Grant (1991) states that "the most important resources and capabilities of the company are those that are durable, difficult to identify and understand, imperfectly transferable, not easily replicable, and in which the company has clear ownership and control." Amit and Schoemaker (1993) define strategic assets of the company as the set of resources and capabilities to exchange difficult to imitate or replace scarce, complementary, sustainable, appropriate, and which vary with changes in the relevant set of strategic factors industry, thereby giving the company its competitive advantage. " The latter work introduces the feature of linking the strategic factors of the company, with strategic industry factors, compared to other authors who only focus on the particular characteristics and resources owned by business organizations. The sustainability of competitive advantage also depends on their compliance with the rules of competitive play. Even when resources meet the above requirements, its competitive value is low if no matching key success factors in the activity. Learn more about this topic with the insights from Confluence Investment Mgt. The company's competitive position should be based on competitive advantages consistent with these critical elements of the competitive environment in the industry. Educate yourself with thoughts from Chris Williams Madison Capital.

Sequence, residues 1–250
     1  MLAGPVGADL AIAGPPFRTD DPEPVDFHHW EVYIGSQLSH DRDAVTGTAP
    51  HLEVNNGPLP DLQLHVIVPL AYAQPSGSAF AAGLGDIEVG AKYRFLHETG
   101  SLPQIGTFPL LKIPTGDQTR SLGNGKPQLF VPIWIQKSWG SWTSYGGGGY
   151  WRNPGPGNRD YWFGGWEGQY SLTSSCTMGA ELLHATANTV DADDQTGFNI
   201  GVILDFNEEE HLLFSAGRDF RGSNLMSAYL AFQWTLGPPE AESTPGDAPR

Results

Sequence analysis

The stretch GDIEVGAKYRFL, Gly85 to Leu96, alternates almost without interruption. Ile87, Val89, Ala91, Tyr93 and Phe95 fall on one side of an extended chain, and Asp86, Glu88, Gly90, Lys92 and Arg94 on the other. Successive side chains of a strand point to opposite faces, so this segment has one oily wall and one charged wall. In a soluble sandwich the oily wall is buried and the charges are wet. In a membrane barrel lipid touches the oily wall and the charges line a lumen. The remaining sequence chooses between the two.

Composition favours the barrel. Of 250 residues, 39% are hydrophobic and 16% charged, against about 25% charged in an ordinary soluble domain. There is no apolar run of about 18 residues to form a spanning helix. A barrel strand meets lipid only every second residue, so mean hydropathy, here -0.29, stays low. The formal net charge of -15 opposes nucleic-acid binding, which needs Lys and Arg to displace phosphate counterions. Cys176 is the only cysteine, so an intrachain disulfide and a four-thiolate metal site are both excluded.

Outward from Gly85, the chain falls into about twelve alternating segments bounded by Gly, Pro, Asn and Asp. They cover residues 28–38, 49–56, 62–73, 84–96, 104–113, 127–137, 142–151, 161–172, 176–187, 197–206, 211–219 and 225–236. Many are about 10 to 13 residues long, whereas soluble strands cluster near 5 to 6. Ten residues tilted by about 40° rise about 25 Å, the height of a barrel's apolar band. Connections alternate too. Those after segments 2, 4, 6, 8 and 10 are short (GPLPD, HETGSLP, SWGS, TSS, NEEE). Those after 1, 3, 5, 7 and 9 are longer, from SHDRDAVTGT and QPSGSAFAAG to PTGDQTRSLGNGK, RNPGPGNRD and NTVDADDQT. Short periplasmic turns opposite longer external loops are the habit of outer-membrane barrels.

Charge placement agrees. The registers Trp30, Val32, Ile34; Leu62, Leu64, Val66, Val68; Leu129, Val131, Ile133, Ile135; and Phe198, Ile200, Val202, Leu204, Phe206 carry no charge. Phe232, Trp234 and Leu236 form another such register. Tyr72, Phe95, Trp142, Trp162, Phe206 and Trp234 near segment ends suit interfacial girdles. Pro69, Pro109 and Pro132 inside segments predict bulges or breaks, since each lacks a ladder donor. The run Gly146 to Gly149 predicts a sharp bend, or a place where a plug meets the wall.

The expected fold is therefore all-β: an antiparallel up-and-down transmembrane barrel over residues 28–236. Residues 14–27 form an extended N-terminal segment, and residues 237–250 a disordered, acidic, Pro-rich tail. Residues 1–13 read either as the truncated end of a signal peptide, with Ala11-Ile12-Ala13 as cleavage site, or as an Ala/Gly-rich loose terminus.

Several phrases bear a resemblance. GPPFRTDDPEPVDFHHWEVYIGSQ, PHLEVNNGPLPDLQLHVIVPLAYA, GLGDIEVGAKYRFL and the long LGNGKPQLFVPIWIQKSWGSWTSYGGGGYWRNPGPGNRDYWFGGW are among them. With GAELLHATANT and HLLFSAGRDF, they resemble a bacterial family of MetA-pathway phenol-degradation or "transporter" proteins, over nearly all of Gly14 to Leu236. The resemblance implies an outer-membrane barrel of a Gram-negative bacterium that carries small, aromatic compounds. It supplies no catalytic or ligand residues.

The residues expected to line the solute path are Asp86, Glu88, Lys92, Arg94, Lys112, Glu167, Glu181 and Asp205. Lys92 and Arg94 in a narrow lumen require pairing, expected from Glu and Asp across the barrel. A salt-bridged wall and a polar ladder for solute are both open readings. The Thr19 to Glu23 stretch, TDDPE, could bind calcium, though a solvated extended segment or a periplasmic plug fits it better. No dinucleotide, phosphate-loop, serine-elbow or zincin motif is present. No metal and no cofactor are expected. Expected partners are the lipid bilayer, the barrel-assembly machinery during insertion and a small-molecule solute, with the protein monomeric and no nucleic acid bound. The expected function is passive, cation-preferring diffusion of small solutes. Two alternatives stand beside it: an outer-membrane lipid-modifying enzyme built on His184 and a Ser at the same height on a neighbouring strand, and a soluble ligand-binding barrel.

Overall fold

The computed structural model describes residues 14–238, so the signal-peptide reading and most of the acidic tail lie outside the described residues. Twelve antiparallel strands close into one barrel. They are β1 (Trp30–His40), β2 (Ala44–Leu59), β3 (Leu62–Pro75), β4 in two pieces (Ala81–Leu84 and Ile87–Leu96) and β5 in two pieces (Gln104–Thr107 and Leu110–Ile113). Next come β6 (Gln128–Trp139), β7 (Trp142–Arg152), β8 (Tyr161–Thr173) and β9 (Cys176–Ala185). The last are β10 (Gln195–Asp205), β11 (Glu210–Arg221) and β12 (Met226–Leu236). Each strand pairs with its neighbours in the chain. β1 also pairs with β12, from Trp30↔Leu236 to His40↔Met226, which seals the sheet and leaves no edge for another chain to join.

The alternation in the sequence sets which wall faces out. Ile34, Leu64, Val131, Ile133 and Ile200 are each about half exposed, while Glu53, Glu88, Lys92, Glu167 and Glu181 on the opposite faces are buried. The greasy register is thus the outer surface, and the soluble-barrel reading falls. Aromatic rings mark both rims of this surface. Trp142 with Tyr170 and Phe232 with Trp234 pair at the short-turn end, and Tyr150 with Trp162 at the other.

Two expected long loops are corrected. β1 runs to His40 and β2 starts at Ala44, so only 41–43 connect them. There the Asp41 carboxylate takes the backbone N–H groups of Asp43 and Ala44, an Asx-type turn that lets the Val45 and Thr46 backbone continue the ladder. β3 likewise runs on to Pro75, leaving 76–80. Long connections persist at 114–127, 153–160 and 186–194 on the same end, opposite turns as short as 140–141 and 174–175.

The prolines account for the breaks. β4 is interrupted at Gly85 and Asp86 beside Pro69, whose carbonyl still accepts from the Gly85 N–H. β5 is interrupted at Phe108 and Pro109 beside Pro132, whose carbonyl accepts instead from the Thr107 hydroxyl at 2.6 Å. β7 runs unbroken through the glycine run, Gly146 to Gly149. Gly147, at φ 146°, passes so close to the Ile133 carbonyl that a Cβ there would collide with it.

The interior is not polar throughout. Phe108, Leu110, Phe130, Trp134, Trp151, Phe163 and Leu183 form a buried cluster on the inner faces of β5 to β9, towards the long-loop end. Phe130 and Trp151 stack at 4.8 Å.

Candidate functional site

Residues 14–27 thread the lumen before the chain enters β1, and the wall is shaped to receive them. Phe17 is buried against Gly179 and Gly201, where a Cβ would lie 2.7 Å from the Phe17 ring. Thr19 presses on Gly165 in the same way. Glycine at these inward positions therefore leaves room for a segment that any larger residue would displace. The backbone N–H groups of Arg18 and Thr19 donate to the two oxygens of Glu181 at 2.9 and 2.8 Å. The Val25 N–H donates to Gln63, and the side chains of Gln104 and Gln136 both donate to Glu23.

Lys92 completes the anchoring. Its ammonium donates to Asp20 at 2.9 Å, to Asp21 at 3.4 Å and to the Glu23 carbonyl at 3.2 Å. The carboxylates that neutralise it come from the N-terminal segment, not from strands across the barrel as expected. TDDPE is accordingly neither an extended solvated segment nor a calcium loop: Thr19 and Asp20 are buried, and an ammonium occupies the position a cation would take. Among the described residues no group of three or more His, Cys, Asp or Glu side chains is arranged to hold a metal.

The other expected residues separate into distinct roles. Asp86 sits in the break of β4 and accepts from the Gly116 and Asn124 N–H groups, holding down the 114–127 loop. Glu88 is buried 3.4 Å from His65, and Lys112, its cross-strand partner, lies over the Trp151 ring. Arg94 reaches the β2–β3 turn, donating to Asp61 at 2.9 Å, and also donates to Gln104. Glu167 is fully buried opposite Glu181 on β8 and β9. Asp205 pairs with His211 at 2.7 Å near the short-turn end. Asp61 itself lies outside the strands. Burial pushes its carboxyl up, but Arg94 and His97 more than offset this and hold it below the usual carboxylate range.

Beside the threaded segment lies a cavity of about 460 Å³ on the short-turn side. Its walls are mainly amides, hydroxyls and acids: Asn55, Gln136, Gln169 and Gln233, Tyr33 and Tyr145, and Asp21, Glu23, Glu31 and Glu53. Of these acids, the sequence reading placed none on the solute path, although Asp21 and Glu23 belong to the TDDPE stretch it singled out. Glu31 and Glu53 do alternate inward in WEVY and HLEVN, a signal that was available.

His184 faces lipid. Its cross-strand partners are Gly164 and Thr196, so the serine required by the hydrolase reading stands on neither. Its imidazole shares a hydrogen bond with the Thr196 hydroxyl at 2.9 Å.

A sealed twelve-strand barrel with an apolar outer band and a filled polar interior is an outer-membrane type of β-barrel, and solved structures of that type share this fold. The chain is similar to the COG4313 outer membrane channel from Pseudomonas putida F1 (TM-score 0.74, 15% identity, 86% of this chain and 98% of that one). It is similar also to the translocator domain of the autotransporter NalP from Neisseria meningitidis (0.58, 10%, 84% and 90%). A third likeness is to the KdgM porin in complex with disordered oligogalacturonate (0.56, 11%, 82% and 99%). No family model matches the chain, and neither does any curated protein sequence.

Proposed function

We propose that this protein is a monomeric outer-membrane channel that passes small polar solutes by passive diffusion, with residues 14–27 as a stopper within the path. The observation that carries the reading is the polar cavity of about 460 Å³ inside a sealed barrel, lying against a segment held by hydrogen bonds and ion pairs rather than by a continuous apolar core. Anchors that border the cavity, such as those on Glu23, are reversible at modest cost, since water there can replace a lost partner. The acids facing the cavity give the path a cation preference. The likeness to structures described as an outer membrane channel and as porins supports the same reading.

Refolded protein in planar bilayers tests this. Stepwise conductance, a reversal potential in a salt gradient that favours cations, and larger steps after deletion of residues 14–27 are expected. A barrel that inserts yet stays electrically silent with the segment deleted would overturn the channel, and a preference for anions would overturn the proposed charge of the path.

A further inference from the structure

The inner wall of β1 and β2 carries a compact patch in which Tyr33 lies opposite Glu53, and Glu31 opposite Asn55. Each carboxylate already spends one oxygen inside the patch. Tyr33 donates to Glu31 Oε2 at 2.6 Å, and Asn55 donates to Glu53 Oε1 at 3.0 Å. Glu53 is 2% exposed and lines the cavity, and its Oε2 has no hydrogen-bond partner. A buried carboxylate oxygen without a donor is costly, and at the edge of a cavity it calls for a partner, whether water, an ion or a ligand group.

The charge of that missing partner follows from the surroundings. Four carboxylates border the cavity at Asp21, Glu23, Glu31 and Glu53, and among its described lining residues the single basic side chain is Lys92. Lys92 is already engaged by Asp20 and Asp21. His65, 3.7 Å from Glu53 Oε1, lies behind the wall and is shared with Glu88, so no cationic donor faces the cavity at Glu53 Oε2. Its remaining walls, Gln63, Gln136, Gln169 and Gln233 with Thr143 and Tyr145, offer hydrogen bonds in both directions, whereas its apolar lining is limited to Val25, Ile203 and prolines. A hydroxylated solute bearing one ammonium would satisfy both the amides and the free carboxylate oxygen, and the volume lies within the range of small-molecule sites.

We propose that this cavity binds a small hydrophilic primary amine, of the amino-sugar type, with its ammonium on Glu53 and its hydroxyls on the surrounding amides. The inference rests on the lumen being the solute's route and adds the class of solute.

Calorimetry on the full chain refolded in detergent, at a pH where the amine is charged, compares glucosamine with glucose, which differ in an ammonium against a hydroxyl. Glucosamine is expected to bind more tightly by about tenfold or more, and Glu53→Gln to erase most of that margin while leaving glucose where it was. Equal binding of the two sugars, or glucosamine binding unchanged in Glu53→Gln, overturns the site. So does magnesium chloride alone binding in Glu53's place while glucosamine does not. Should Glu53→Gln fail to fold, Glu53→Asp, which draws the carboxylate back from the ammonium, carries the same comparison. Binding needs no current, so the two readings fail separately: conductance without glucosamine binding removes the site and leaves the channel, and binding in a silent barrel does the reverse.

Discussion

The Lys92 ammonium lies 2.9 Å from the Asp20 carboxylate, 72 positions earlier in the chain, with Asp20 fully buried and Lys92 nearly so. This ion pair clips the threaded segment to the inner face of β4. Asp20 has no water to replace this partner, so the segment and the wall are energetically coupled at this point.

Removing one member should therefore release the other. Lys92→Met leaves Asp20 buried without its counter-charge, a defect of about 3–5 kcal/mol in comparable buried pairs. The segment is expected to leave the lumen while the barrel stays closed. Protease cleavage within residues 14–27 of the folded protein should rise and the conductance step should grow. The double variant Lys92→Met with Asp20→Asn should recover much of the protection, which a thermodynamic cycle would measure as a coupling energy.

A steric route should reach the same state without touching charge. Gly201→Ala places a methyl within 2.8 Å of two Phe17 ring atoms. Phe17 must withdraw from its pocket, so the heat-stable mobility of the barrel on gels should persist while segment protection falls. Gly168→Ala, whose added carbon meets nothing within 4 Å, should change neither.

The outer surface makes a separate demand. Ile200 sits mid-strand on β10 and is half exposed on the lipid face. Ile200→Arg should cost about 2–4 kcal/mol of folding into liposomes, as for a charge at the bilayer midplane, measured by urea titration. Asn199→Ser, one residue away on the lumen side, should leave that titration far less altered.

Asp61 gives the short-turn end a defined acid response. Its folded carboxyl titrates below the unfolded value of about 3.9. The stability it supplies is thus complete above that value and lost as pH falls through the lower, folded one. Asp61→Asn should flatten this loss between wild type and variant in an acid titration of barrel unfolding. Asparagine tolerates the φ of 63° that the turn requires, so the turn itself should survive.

In this vein, Porter (1991) points out that intangible assets are valuable in themselves, but because they adjust the industry structure and strategy including: "Activities implemented poorly or inconsistently with the buyer's needs, can create risks ( or ballasts) and non-active. At the same time, technological changes and other industry can negate the value of the assets or transform them into risks. " Resources also can be grouped into tangible resources and intangible resources, the latter also known by some researchers as invisible assets. .